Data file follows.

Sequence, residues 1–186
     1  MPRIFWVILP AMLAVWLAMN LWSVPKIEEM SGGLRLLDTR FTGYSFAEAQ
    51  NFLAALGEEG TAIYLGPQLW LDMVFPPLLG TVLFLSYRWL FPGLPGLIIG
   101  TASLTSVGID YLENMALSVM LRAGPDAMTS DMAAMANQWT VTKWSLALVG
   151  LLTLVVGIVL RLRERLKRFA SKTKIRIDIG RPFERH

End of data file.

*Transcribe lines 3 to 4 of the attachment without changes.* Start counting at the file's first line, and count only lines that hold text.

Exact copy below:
    51  NFLAALGEEG TAIYLGPQLW LDMVFPPLLG TVLFLSYRWL FPGLPGLIIG
   101  TASLTSVGID YLENMALSVM LRAGPDAMTS DMAAMANQWT VTKWSLALVG